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Difference between my $self = shift and my ($self) = @_

by Doctrin (Beadle)
on Feb 21, 2013 at 15:13 UTC ( #1019959=perlquestion: print w/replies, xml ) Need Help??
Doctrin has asked for the wisdom of the Perl Monks concerning the following question:

Hello dear Monks! I just wanted to know - is there any REAL difference between following. Say, I do:
And my subroutine is:
sub contents { my $self = shift; # WHAT IF I CALL my ($self) = @_ ? #so something return; }
So, is there any real difference between my $self = shift and my ($self) = @_ Thanks!

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Re: Difference between my $self = shift and my ($self) = @_
by tobyink (Abbot) on Feb 21, 2013 at 15:20 UTC

    my $self = shift not only defines $self; it also modifies @_ (removing the first array item). The difference is only significant if you intend on using @_ or goto later on in the sub.

    Update: Personally I've recently decided to adopt a coding style where I use shift for the invocant (i.e. $self or $class; but also "conceptual invocants" like $orig in Moose around method modifiers, or $ctx in Catalyst actions) and list assignment for other parameters.

    For example:

    use v5.14; package Person { use Moose; has first_name => (is => 'rw', isa => 'Str'); has last_name => (is => 'rw', isa => 'Str'); sub set_name { my $self = shift; my ($first, $last) = @_; $self->first_name($first); $self->last_name($last); } } package LoudNameChanges { use Moose::Role; around set_name => sub { my $orig = shift; my $self = shift; say "Changing name to: @_"; $self->$orig(@_); }; } package Person::LoudNameChanges { use Moose; extends 'Person'; with 'LoudNameChanges'; } my $bob = Person::LoudNameChanges->new( first_name => 'Robert', last_name => 'Smith', ); $bob->set_name('David', 'Jones'); print $bob->dump;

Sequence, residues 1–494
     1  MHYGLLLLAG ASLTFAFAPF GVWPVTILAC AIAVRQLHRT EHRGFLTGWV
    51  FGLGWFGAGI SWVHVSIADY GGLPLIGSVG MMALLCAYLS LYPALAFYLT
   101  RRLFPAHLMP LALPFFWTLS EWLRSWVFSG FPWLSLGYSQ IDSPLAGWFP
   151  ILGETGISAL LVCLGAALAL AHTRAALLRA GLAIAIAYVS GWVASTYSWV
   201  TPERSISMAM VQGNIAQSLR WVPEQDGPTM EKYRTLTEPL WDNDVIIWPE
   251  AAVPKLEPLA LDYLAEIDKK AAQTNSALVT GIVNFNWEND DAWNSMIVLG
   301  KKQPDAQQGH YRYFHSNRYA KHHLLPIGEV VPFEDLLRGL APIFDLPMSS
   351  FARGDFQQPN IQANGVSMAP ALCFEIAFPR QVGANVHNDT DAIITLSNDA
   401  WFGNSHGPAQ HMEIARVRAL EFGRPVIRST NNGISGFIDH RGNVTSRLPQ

For regular subs which are not intended to be called as methods, there is no invocant, so I just use list assignment to unpack all the arguments.

    Why did I decide to adopt this style? I find it works nicely in terms of delegating method calls and so forth where you often need to pass on @_ to other methods and functions, but without passing on the invocant.

    I'm not yet very strict with myself about this style, but hopefully it will become habit soon.

    package Cow { use Moo; has name => (is => 'lazy', default => sub { 'Mooington' }) } say Cow->new->name
Re: Difference between my $self = shift and my ($self) = @_
by topher (Scribe) on Feb 22, 2013 at 06:27 UTC

    As tobyink pointed out, there's no difference in what ends up in $self, but there is a big difference in what's left in @_. If your subroutine isn't expecting arguments, then you can use either method without concern. If you are going to be taking arguments, then you have a choice to make.

    Personally, I'm a big fan of using my $self = shift;. For me, it makes the code cleaner and more mentally straightforward. When using shift, the contents of @_ end up being exactly the same as the arguments I passed to the subroutine. If I use assignment from @_, then I have to constantly account for that $self at the first position, complicating things.

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